A CLOSER LOOK: Forecasting for the skies and impacts from weather on aircraft

A CLOSER LOOK: Forecasting for the skies and impacts from weather on aircraft
Meteorologist Terry Lebo with the National Weather Service in Wilmington, NC (WMBF)
A cross-section diagram that meteorologists use to see how the wind speeds change with height through the atmosphere. (WMBF)
A cross-section diagram that meteorologists use to see how the wind speeds change with height through the atmosphere. (WMBF)

MYRTLE BEACH, SC (WMBF) - With the Wings Over Myrtle Beach Air Show in town, the weather impacts above the surface are just as important as the weather spectators this weekend will experience at the surface.

For National Weather Service meteorologists, there's a multitude of forecast scenarios that can cause travel headaches and sometimes cancellations. Terry Lebo, a meteorologist with NWS office in Wilmington says the most common disruptive aviation weather is fog, a common phenomenon across the Pee Dee and Grand Strand.

If the fog reduces visibility below 3 miles or the clouds are lower than 1,000 feet, the NWS advises that flights rely on instruments to take off and land.

Lebo explains: "The difference between visual flight rules, (VFR) or instrument flight rules (IFR)  has to do with the visual cues you use. Visual flight rules is exactly what it sounds like: you're flying based on terrain where you see trees, buildings versus instrument flight that means your visibility is restricted, whether that's because of darkness, clouds or fog so you're basically flying based on instruments."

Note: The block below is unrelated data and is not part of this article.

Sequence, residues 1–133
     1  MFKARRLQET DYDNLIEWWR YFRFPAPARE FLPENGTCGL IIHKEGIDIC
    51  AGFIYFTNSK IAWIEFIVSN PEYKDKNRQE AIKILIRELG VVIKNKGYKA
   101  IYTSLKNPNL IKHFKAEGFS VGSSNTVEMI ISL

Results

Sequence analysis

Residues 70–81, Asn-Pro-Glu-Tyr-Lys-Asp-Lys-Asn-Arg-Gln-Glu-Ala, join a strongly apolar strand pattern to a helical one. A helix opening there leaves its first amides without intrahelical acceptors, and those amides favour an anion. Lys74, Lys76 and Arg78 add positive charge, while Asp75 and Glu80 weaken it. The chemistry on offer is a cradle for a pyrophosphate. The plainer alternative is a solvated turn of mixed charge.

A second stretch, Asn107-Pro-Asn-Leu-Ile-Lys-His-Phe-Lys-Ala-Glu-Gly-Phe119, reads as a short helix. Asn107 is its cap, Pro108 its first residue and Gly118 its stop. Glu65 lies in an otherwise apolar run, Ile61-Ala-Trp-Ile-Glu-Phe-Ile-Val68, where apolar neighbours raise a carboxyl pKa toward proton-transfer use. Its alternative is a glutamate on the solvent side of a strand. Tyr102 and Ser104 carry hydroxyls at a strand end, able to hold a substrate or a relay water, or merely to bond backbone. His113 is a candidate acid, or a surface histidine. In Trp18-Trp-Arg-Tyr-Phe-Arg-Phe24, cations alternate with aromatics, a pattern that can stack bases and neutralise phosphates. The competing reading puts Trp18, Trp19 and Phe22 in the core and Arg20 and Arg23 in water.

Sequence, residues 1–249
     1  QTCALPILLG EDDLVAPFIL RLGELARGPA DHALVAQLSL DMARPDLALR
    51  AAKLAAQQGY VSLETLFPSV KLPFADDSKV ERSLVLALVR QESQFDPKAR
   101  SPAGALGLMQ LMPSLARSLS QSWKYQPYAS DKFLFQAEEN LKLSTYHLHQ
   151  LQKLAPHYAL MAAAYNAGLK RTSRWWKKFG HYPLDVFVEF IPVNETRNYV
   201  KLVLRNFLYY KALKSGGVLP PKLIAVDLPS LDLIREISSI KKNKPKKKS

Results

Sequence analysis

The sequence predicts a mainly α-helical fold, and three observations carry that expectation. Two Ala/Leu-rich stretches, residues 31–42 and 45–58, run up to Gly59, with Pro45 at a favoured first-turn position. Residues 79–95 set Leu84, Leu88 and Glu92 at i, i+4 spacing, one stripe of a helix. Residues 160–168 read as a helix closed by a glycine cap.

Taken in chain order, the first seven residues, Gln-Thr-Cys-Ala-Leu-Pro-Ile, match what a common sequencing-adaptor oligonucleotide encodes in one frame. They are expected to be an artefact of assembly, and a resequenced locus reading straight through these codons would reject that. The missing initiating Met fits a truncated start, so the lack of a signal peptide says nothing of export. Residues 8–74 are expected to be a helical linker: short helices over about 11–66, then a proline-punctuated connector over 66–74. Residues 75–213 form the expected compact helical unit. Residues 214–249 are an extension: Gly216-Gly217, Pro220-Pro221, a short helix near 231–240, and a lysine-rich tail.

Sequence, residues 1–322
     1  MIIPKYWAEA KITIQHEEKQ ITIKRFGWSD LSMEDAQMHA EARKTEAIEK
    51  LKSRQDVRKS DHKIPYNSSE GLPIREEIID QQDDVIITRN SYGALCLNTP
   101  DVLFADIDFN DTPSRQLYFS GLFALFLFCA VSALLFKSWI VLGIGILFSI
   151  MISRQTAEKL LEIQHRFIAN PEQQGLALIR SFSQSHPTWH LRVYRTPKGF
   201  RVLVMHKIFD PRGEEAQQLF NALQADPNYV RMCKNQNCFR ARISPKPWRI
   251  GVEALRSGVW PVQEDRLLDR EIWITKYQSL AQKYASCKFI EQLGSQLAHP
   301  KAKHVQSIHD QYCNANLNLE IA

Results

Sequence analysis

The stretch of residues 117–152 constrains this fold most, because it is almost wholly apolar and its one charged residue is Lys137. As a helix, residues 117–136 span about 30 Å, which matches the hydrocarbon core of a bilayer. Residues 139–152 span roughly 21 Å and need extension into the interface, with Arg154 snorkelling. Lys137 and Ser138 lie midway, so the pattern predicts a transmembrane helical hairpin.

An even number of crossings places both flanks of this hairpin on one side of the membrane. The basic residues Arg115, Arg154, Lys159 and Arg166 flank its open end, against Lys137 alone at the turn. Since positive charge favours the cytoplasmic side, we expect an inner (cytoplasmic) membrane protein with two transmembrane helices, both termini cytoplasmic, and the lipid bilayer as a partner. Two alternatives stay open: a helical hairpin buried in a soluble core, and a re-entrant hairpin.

Outside of fog and reduced visibilities, other inclement weather issues for aircraft come from wind and ice. With regards to wind, Lebo says the most problems from wind arise from not only the speed, but the change of wind speed or direction with height.

"The thing we are concerned with as far as forecasting parameters have to do with Low Level wind shear. So if you have light or calm winds at the surface, and then just above the surface you have very strong winds," says Lebo

Low level wind shear can develop ahead of cold fronts and within storm systems.

As for ice, planes can have major issues if they fly through precipitation near freezing, the ice can shift the weight of the plane and cause it to become unbalanced.

Another common irritation passengers can experience is turbulence. Lebo adds that forecasting turbulence can arise from many different situations.

"You can have turbulence on clear days, if you have good heating, so you get strong upward motion because the ground heats up and you have cooler air aloft. That's when you can get turbulence. You don't necessarily have to see clouds to have turbulence."

For more on aviation forecasting, the NWS Wilmington issues updates four times a day here in their forecast discussion

For travel weather forecasts and where aviation weather problems may arise, follow this link to the Aviation Weather Center, a branch of the NWS that is a one stop weather information shop across the U.S.

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